Alhambra, Generalife and Albayzin




Situated above the modern town of Granada in southern Spain, the palaces and fortress of the Alhambra and the residential area of the Albayzin were constructed in the 13thand 14thcenturies and remain relatively intact today, allowing a view into life in the ancient Islamic quarter.


The Alhambra, named for its reddish walls from an Arabic root meaning “red castle”, was a city built by the Nasrid rulers of Granada.  The outside walls enclosed a fortress from the 9thcentury, baths, mosques, palaces and gardens.  Covered with magnificent ceramics tiles and carvings, the walls of the structures were designed with the intent of filling every space with decoration, no matter its size.  While its architecture is reminiscent of other Islamic structures, it is unique in the way it brings together interior and exterior areas, with covered walkways extending from well-lit interior spaces onto shaded courtyards and sun-filled gardens.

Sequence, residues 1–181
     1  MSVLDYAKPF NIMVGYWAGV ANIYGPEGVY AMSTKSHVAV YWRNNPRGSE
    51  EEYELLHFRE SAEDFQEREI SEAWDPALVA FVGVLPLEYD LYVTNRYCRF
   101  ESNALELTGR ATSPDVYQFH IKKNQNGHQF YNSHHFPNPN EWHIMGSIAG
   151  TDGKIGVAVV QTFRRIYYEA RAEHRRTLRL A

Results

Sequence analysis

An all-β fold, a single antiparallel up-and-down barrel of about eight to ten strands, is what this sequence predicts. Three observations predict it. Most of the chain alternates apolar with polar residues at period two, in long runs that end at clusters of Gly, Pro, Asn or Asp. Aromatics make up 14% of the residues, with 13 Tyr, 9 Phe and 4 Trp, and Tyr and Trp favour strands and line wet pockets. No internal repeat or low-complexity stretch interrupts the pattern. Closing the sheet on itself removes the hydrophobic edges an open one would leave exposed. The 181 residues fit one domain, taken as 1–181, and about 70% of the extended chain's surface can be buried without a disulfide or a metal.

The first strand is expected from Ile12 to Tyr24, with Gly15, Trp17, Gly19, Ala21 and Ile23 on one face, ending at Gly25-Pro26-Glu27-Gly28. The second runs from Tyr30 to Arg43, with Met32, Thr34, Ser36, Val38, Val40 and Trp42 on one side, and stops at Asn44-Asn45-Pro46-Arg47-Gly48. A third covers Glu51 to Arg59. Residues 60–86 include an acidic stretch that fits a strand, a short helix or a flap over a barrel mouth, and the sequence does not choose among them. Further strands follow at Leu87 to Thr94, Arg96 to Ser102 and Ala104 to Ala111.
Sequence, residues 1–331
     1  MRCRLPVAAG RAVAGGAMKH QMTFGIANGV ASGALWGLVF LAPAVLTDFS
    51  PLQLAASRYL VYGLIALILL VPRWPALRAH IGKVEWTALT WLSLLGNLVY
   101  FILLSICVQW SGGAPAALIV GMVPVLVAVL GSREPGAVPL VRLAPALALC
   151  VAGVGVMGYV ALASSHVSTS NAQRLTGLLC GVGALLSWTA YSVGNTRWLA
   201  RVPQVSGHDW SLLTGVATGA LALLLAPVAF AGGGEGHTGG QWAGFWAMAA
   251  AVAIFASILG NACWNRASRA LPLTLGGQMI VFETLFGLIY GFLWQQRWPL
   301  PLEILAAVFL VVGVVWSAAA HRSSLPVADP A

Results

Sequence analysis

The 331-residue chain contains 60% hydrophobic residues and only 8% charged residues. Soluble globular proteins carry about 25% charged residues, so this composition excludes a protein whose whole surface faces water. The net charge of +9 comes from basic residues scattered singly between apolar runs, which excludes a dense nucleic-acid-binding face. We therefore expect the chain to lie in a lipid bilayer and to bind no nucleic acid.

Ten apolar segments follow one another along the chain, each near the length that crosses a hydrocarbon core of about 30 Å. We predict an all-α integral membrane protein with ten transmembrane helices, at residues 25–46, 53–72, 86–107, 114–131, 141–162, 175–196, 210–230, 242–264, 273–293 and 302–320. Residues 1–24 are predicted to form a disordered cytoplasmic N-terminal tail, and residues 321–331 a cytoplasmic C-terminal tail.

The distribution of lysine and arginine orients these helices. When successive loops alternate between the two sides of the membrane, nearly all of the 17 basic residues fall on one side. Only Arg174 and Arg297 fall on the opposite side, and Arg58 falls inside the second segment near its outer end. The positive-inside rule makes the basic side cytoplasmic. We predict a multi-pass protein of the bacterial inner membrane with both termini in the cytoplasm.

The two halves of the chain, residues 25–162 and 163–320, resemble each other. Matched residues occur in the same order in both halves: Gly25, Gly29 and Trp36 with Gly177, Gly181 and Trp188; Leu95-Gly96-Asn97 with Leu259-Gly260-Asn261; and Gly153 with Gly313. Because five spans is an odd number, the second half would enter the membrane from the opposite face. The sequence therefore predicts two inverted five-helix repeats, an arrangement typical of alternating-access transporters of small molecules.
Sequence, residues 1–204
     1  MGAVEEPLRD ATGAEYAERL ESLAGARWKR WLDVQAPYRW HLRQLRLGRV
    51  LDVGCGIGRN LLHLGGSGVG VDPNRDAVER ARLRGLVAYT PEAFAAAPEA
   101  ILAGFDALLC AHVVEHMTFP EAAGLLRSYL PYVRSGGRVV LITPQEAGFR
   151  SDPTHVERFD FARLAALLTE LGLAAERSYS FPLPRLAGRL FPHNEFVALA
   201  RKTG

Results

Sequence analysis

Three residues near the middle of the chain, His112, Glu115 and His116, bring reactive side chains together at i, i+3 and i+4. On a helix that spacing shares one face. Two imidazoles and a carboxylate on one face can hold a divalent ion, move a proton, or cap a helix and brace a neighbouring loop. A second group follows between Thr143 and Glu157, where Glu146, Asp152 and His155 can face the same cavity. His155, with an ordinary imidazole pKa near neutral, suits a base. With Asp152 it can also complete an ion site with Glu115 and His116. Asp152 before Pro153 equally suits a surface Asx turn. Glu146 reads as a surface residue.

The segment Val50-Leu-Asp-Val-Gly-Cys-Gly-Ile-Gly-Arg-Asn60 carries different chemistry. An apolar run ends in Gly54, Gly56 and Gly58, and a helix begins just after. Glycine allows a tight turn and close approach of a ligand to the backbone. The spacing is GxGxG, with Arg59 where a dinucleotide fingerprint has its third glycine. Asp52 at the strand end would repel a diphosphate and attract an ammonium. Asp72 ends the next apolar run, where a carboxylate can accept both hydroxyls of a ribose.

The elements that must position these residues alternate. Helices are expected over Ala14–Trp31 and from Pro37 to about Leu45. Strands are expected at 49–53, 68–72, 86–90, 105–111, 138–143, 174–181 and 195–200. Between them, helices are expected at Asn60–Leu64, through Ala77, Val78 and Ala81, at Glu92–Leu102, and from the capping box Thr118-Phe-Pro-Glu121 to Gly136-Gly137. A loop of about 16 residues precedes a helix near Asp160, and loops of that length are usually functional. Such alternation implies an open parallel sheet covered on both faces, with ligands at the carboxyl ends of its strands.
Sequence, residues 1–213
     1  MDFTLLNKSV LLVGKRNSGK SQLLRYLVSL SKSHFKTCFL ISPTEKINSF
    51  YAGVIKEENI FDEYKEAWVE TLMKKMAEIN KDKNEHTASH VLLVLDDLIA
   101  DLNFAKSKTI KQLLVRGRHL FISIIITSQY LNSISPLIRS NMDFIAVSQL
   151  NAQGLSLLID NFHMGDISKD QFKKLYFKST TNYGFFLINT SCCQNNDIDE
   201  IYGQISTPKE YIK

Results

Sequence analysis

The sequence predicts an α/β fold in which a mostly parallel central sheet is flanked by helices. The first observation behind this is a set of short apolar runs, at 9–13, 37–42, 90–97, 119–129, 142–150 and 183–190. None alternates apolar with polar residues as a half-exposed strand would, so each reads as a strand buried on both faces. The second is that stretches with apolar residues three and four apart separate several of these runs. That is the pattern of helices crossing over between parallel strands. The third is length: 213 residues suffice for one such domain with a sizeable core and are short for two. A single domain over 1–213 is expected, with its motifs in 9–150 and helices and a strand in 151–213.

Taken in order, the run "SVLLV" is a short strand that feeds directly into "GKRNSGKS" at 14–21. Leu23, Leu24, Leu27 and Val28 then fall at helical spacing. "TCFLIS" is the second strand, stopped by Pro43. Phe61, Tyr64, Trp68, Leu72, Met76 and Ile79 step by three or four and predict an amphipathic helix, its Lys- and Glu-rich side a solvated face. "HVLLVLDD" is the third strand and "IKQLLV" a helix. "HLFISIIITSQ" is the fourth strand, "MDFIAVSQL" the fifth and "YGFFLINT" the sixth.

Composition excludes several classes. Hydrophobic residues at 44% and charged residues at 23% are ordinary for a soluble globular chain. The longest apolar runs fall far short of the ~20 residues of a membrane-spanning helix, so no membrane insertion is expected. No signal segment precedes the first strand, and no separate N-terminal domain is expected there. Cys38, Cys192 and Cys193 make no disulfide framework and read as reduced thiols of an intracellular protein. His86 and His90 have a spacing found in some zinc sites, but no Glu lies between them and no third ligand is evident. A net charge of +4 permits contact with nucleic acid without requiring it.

One of the most magnificent Nasrid estates, located just past the walls of the Alhambra, is the Generalife, with its gardens, courtyards, fountains, canals and vegetable farms, which were dependent on hydraulic systems considered unique for their time. 


The residential district of the Albayzin, the original city of Granada, is filled with a maze of steep and winding cobblestone streets lined with whitewashed houses of Moorish and Andalusian design, walled gardens and small squares filled with bars and restaurants.


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